The now-notorious Russian VPNFilter malware, designed to infect several dozen models of home Wi-Fi routers and network-attached storage drives, shows no sign of slowing down. But there's now a test to see whether your router might be infected.
- Discover today's very best VPN providers
The simple browser-based test, called VPNFilter Check, was developed by antivirus maker Symantec and is on the Symantec website at http://www.symantec.com/filtercheck/ (opens in new tab). All you need to do is to browse to that site and click the big green button.
One caveat: This isn't a perfect test. It checks for only one component of the VPNFilter malware, the SSLer plugin that knocks a web connection down from encrypted HTTPS to plain old unencrypted HTTP. Other components of the multi-part malware could still be present on your router.
But if your connection does test positive, then you'll definitely need to factory-reset your router, as detailed in our previous article on VPNFilter. We're reproducing the list of routers known to be affected below.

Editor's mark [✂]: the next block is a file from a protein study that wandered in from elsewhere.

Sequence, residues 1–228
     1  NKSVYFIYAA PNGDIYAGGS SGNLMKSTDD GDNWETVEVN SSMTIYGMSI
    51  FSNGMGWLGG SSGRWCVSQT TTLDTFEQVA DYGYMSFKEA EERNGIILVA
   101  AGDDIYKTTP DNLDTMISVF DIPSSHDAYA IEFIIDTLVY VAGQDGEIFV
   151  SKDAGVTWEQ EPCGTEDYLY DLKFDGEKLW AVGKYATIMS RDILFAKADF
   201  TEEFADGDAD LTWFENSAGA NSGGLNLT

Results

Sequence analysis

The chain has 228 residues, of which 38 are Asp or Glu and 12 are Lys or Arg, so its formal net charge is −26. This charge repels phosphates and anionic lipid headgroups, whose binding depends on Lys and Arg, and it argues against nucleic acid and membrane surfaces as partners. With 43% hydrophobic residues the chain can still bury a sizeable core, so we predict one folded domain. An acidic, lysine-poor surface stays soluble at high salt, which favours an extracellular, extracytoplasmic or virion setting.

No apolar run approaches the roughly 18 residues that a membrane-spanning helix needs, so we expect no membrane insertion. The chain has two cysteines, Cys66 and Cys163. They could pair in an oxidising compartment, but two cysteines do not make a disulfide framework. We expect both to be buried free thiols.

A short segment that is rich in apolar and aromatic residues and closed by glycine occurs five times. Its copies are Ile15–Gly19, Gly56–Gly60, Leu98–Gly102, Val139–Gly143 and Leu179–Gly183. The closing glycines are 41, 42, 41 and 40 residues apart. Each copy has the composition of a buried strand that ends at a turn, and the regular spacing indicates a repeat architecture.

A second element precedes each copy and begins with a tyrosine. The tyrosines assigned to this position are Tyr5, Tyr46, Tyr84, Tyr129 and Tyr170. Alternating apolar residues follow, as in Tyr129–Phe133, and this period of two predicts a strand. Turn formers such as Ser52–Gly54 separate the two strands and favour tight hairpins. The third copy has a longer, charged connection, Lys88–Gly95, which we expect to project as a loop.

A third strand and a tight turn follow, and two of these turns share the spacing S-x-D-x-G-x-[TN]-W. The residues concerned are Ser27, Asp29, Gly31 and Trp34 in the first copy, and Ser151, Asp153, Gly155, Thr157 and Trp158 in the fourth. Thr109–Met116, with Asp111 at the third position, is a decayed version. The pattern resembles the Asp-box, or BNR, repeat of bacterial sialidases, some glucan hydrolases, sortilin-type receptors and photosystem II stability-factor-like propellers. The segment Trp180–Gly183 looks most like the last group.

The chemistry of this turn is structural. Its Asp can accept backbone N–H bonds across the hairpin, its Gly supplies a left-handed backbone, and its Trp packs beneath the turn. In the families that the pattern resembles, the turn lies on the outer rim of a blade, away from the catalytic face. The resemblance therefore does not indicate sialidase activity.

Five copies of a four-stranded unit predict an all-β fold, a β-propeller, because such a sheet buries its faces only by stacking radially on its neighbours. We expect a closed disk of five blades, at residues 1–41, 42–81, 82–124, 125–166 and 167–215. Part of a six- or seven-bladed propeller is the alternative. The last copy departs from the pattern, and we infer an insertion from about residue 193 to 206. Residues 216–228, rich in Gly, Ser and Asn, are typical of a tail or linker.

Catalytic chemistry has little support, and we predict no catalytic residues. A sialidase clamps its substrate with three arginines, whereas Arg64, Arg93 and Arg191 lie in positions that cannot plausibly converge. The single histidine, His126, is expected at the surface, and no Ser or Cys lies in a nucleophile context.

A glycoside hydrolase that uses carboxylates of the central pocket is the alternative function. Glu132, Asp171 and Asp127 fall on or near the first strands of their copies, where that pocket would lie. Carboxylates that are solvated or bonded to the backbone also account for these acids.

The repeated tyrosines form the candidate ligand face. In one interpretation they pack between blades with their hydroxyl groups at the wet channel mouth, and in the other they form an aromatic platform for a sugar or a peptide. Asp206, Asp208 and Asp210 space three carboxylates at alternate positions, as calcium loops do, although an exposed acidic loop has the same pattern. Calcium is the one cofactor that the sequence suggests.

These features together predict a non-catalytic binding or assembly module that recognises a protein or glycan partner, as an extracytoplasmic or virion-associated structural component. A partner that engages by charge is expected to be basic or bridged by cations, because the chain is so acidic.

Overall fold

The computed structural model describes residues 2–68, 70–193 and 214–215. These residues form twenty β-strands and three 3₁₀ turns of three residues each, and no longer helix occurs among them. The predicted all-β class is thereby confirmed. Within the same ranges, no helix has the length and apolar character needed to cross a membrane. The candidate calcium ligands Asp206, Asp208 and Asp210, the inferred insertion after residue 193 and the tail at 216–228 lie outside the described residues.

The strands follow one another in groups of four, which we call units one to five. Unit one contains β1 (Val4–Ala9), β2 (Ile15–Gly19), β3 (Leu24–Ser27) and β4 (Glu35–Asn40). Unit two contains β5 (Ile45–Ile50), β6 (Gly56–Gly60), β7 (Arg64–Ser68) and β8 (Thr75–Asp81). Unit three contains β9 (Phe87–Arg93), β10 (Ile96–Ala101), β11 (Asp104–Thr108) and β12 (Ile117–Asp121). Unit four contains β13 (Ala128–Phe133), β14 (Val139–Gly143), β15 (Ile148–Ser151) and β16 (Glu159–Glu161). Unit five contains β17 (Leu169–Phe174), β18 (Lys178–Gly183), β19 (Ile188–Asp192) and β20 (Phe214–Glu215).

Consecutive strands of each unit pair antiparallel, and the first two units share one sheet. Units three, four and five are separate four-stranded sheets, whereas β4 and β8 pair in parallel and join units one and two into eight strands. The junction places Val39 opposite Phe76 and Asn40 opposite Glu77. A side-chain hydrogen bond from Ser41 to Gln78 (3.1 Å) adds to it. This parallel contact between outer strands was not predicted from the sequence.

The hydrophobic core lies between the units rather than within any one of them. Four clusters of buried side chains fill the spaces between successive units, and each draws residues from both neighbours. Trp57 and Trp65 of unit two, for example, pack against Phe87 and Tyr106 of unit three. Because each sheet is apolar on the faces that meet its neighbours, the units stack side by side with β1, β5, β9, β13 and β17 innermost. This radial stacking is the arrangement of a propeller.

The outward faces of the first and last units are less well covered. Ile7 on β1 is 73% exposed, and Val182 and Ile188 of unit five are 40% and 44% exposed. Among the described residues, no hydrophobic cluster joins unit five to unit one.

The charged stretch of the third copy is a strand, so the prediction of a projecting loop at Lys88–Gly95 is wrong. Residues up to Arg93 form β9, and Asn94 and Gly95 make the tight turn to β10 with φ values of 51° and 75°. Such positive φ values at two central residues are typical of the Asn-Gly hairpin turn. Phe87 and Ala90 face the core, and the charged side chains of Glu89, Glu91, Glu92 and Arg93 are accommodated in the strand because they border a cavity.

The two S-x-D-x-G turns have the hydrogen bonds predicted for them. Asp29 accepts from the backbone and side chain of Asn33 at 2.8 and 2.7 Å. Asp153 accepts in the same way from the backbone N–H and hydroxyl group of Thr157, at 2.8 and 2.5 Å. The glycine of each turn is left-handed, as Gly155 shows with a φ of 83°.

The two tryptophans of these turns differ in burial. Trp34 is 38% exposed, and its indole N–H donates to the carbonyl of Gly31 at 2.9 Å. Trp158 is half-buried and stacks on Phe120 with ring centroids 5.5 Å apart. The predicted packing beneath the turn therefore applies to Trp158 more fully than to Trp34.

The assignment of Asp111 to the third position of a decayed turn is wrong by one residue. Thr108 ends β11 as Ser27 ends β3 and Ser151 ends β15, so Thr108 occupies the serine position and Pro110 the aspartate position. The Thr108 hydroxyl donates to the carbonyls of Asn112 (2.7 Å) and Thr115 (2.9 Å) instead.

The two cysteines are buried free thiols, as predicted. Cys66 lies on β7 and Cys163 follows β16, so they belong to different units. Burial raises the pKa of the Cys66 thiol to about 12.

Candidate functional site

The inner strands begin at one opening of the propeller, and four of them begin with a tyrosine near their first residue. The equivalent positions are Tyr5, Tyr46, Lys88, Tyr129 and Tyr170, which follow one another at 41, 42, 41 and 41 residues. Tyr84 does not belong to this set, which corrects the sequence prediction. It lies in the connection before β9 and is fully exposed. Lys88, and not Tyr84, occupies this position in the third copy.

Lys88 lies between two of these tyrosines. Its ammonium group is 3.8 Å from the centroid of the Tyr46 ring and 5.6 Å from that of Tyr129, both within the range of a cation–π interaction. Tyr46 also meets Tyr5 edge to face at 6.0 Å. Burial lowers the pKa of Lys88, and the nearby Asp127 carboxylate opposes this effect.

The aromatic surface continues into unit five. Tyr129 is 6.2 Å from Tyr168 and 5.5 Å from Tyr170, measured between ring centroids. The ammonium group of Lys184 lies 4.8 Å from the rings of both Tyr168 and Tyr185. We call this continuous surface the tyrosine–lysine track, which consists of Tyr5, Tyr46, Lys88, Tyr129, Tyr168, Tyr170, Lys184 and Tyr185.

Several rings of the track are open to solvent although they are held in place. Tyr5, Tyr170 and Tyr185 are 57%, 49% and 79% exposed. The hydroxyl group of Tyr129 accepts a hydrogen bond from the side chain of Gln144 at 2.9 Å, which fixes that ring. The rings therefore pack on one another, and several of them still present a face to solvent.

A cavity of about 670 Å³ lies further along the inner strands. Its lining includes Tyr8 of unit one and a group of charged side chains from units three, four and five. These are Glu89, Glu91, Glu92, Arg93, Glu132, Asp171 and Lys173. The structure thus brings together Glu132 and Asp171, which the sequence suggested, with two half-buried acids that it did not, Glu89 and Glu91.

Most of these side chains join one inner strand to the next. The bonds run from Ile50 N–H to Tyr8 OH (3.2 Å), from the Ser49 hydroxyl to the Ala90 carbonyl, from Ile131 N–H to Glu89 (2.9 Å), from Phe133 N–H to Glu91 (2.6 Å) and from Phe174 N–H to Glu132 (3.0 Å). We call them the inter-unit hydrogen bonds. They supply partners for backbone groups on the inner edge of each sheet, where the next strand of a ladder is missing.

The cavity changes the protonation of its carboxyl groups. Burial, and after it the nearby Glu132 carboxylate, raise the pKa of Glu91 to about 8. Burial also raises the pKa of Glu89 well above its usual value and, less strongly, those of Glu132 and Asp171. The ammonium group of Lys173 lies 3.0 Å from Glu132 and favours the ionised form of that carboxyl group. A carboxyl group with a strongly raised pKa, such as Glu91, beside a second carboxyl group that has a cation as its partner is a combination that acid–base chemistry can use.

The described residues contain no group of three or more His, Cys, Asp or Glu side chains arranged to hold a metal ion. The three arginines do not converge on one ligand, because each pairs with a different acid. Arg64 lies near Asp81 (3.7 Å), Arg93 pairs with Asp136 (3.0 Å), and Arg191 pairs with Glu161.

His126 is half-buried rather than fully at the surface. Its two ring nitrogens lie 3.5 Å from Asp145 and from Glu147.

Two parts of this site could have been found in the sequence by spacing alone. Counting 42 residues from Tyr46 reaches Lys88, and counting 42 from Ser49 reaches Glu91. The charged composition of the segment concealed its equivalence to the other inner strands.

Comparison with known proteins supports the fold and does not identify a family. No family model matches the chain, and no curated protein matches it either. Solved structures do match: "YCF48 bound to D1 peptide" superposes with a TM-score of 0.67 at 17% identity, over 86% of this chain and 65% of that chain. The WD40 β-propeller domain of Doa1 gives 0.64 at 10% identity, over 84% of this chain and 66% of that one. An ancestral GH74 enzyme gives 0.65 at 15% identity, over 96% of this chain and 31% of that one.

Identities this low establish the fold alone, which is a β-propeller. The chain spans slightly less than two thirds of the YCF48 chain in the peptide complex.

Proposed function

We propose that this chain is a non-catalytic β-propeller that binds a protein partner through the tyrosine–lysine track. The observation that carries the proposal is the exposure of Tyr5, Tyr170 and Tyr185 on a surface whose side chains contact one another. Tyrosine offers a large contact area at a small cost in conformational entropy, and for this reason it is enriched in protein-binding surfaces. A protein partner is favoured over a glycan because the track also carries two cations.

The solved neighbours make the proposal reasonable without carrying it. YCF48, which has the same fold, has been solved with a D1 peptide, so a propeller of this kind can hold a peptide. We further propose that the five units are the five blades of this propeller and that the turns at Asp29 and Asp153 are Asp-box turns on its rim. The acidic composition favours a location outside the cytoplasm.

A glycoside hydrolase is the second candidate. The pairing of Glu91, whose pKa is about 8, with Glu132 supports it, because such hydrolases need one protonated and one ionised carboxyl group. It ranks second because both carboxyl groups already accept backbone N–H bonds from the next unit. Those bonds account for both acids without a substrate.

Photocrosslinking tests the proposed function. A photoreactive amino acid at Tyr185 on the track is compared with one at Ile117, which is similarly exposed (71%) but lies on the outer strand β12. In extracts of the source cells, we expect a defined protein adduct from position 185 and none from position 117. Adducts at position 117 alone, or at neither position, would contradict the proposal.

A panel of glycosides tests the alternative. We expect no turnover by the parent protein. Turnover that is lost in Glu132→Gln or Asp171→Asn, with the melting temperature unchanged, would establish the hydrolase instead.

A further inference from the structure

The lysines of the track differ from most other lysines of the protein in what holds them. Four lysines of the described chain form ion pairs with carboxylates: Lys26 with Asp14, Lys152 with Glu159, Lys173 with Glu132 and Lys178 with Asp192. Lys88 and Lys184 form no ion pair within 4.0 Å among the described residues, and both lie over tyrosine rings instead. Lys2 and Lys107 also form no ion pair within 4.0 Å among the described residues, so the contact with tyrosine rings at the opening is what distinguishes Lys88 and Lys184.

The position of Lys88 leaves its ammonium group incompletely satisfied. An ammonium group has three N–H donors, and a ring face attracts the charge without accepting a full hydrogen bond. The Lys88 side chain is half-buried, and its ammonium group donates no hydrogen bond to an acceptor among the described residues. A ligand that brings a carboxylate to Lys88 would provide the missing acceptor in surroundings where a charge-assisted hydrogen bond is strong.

Not all of these devices are sold in North America:
Asus support page (opens in new tab)
Unofficial reset instructions; we couldn't find the firmware
Linksys support page (opens in new tab)
MikroTik RB Groove
MikroTik RB Omnitik
Netgear support page (opens in new tab)
QNAP TS439 Pro
Other QNAP NAS devices running QTS software
TP-Link support page (opens in new tab)
Ubiquiti PBE M5
Upvel -- unknown models
ZTE Devices ZXHN H108N